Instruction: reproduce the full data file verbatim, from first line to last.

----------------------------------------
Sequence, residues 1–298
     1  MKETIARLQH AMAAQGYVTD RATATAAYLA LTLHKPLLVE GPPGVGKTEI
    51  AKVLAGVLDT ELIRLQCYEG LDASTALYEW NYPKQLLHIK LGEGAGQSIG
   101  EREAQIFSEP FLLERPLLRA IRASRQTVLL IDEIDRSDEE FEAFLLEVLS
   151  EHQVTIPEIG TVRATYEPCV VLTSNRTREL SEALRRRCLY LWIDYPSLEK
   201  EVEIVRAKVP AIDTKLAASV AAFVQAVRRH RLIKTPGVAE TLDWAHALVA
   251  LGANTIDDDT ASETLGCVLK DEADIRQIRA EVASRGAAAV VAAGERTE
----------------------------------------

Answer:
Sequence, residues 1–298
     1  MKETIARLQH AMAAQGYVTD RATATAAYLA LTLHKPLLVE GPPGVGKTEI
    51  AKVLAGVLDT ELIRLQCYEG LDASTALYEW NYPKQLLHIK LGEGAGQSIG
   101  EREAQIFSEP FLLERPLLRA IRASRQTVLL IDEIDRSDEE FEAFLLEVLS
   151  EHQVTIPEIG TVRATYEPCV VLTSNRTREL SEALRRRCLY LWIDYPSLEK
   201  EVEIVRAKVP AIDTKLAASV AAFVQAVRRH RLIKTPGVAE TLDWAHALVA
   251  LGANTIDDDT ASETLGCVLK DEADIRQIRA EVASRGAAAV VAAGERTE